Has there been any reaction from Elsevier to your efforts?
Tyler Neylon: There was an open letter published on its website, which defended their practices. More recently, Elsevier has rescinded their stance on the Research Works Act. It’s possible that the bill’s sponsors didn’t like the unpopularity they saw. This is a great sign for the boycott, and a positive move in the right direction, although many people, including me, are interested in even further change.
What impact do you think the boycott had on Elsevier backing off of the Research Works Act?
Tim Gowers: Elsevier has denied that the decision had to do with the boycott. My guess is that there was at least some connection. The boycott has made Elsevier more concerned about its public image, and their support for RWA was damaging that image.
What is next for the boycott?
Tyler Neylon: About five years ago, there wasn’t much optimism around this issue. People would complain, but not really do that much. That attitude is changing. People are saying this is unacceptable, and we can do something about it. If FRPAA (Federal Research Public Access Act) passed, that would be great. Even a sense that it has a chance of passing would change the culture of the community.
Tim Gowers: I’ve always felt that the boycott wasn’t aimed at getting concessions out of Elsevier. It was more aimed at getting mathematicians to produce a new and better system for evaluating their work. Since we write articles for no charge, it is obvious there exists a better system.
In fact, I would say that there is a spectrum of different systems, from relatively modest changes to how journals work to much more radical alternatives. At the conventional end of the spectrum, we can set up cheap new electronic journals. Funding these is a challenge, but in theory they would save libraries so much money that the libraries should support them for the sake of their own long-term financial interest. At the more radical end there are ideas for websites where people can submit papers, anybody can write a review, and everyone gets a collection of reviews. The challenge there is to provide suitable incentives to reviewers. In between, you might have free floating editorial boards offering their stamp of approval to papers that are submitted to the arXiv.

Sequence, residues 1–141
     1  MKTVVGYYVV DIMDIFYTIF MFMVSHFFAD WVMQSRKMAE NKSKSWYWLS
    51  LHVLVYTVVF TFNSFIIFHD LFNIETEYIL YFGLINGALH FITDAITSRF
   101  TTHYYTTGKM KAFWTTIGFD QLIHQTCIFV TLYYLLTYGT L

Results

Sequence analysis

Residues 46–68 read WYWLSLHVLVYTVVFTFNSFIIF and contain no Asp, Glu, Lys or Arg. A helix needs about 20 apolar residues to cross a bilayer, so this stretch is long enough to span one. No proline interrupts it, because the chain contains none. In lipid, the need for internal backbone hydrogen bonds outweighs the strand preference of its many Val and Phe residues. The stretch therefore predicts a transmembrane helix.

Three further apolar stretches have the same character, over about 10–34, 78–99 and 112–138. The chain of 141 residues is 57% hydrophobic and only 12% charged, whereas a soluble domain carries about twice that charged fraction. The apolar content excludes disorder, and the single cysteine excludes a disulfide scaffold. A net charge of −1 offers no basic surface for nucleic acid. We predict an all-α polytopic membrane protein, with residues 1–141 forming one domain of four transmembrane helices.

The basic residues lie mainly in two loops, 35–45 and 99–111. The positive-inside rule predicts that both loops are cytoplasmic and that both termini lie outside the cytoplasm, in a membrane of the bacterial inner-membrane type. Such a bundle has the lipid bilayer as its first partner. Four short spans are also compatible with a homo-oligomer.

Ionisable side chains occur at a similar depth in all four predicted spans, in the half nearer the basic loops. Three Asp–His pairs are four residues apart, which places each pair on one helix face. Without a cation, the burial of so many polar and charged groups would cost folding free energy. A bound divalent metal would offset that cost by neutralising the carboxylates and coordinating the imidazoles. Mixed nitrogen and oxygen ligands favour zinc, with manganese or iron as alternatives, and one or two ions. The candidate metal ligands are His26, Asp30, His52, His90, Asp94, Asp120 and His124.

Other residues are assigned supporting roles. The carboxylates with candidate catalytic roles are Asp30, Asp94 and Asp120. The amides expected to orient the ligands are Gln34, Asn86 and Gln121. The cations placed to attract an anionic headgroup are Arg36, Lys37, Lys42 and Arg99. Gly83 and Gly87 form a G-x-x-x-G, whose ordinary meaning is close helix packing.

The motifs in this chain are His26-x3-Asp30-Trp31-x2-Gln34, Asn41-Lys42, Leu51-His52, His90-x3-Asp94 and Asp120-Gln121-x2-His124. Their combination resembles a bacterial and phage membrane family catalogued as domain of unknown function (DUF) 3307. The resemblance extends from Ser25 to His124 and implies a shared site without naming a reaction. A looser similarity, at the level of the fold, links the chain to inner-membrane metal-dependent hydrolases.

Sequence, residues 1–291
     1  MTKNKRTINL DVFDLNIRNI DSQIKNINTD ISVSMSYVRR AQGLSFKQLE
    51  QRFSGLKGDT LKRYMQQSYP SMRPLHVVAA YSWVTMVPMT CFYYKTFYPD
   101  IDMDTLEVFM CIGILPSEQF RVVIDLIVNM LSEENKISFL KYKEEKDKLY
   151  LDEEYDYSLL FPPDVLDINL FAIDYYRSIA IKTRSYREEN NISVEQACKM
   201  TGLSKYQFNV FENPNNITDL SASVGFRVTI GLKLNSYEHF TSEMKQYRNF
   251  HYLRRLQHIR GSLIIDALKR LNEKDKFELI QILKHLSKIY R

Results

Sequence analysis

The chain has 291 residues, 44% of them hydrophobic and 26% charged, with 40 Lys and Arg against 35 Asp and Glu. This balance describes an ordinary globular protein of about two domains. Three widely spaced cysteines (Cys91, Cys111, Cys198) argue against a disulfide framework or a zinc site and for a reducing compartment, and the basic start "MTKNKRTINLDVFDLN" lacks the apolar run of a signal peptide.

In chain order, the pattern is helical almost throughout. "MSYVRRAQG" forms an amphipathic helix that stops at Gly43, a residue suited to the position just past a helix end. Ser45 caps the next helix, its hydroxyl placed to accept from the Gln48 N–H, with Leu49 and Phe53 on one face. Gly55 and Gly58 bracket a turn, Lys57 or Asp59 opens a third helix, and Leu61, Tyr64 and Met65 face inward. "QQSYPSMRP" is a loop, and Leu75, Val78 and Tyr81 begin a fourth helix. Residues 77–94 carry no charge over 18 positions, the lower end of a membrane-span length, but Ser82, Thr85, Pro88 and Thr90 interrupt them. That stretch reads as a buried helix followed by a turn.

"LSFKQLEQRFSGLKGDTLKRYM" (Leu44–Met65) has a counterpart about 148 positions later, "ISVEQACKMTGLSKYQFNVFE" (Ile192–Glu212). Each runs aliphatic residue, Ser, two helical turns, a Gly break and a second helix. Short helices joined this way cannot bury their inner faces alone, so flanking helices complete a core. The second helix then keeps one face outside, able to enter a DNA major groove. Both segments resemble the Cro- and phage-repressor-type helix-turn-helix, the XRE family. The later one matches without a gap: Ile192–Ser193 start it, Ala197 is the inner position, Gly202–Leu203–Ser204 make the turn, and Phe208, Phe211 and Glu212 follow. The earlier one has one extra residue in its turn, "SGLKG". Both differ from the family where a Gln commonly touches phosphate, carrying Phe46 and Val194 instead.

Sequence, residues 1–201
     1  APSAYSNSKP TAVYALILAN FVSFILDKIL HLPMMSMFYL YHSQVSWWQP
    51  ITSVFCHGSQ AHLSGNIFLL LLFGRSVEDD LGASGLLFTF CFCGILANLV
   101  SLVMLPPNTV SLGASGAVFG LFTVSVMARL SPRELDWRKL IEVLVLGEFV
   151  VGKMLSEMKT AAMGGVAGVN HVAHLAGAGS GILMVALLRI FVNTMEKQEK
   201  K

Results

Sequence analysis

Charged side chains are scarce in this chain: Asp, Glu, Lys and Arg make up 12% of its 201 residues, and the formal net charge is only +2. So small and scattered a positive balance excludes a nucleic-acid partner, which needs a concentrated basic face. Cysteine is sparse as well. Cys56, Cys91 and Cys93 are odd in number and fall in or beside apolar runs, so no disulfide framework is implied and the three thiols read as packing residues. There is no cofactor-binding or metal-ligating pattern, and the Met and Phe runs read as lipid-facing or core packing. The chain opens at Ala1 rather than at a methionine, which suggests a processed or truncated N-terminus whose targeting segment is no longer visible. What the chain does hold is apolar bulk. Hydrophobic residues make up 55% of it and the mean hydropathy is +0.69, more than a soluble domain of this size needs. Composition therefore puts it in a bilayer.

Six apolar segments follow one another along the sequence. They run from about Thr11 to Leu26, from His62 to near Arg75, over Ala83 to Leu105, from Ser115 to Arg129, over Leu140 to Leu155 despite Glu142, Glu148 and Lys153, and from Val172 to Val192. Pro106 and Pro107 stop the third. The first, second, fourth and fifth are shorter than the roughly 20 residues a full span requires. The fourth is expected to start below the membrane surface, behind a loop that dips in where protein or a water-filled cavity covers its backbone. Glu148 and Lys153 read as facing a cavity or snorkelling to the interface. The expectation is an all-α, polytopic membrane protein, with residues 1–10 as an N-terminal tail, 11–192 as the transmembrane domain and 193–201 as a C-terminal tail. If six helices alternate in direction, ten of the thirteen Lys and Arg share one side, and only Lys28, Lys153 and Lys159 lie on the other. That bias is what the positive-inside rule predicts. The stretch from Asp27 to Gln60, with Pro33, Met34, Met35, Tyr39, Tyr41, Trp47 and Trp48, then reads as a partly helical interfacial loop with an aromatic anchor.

We need to try out a number of things. There are further ideas I’d like to see that are probably too radical at the moment. One assumption that most people take for granted is that the right unit of discourse is the journal article. You do your research quietly, then polish into a neat form, and publish it. However, this hides a lot of the thought processes that go into discovering mathematical results. Recently, I experimented with something more radical where you do your thinking online and anybody who wants to can contribute to it. A difficulty with that kind of approach is how you apportion credit: I wish the whole notion of credit would go away, because it creates a number of difficulties.
Note: This article gives the views of the author(s), and not the position of the Impact of Social Sciences blog, nor of the London School of Economics.